Crude oil broke through the USD80/barrel mark this morning, albeit briefly, to set a new high of USD80.05/barrel for 2009.
The move seems to have more to do with outside influences than supply and demand fundamentals however.
Spec money certainly isn't turned on by US (or UK/Eurozone) interest rates and appears to be looking for better returns from commodities and equities as a bit of consumer confidence returns.
Good results for Q3 from Apple last night lent a bit of weight to ideas that a global economic recovery is underway.
With an estimated 125 million barrels of crude oil/other fuels still sloshing around on the high seas in floating storage waiting for a home, for some recovery can't come soon enough.
A weak dollar is also behind some of the positive tone behind crude, but most of the upside appears to be speculatively-led in anticipation of a spike in demand before one even occurs.
There is some talk that a concerted move above USD80/barrel will trigger further computer-driven buying, pushing prices still higher. A move to USD90/barrel would be interesting, as that marks the halfway point between the 2008 (was it really ONLY last year?) all-time high of $147/barrel and the more recent low of $34/barrel.
United Oilseeds has reported a pre-tax profit of £1.03 million for its financial year ended 30 June 2009. During the same period, the group’s net worth grew by almost 5% to £4.23 million compared to £4.04 million the previous year. Turnover also increased by 34.5% to £54.6 million from £40.6 million the year before.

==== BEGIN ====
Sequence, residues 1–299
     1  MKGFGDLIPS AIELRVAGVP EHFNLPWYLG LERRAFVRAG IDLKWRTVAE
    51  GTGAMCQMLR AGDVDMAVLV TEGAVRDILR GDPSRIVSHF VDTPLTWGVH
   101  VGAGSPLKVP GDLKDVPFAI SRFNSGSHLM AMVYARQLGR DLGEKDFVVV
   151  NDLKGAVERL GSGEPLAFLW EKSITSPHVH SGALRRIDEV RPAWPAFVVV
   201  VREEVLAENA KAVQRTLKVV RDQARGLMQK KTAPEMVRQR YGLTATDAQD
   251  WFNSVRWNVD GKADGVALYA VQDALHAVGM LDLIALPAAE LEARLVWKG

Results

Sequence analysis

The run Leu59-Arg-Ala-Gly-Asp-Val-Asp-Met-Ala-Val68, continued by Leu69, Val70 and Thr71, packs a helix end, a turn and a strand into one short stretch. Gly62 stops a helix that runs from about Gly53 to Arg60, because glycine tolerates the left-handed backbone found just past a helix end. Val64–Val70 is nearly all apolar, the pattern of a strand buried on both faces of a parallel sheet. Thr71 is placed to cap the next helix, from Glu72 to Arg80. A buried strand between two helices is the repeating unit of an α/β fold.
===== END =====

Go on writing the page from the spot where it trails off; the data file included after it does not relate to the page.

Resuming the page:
Get the beers in then.
It's official, this year's US harvest pace is comfortably the slowest in the last thirty years. The flip-side of benign and non-threatening weather all summer long, is a very late maturing crop and combines rolling in the snow.
The USDA confirmed last night that only 17% of the corn crop has been harvested so far, that is a quite astonishingly low just four point increase in a week. That's well behind the five year average of 46%, and five points lower than the previous slowest pace in the last thirty years of 22 percent on October 18, 1992. Illinois sees just 11% of the crop in the barn, compared to 68% normally.
For soybeans the harvest was 30% complete as of Sunday, only a seven point increase on last week and less than half the five year average of 72%. The previous slowest harvest pace in the last thirty years was 34 percent on October 18, 1985. In rain-sodden Illinois only 13% of the crop is in, compared to 79% normally.
Winter wheat plantings were 69% complete, compared to 78% normally, the USDA said. It's the soft red winter wheat states in the east that are particularly struggling. They need to get their beans cut before they can plant wheat. In Illinois wheat planting crawled from 12% complete last week to just 13% done as of Sunday. The five year average is 67%.
Canny, cagey, cunning, unscrupulous or just plain bent? Trying to guess what the Indian government are up to is like attempting to figure out the plot of the Da Vinci Code.
Unless you have been living in a cave and not reading this blog, you will probably know by now that up until now they have been keeping the doors to their state-owned wheat granaries firmly shut.
That is despite reputedly owning anywhere from 28-32 MMT of wheat depending on who's figures you believe (I believe neither, but that is a seperate issue), and appeals from the local milling industry that there is virtually no more wheat left in the country in private hands.
The worst monsoon rains since 1972 have slashed summer rice production, and demand for wheat this year is consequently expected to be higher than ever in the world's second largest consuming nation. The USDA currently have India down to consume almost 77 million tonnes of wheat in 2009/10.
News this morning then, that the government have finally set the minimum price for wheat tenders should come as good news, right?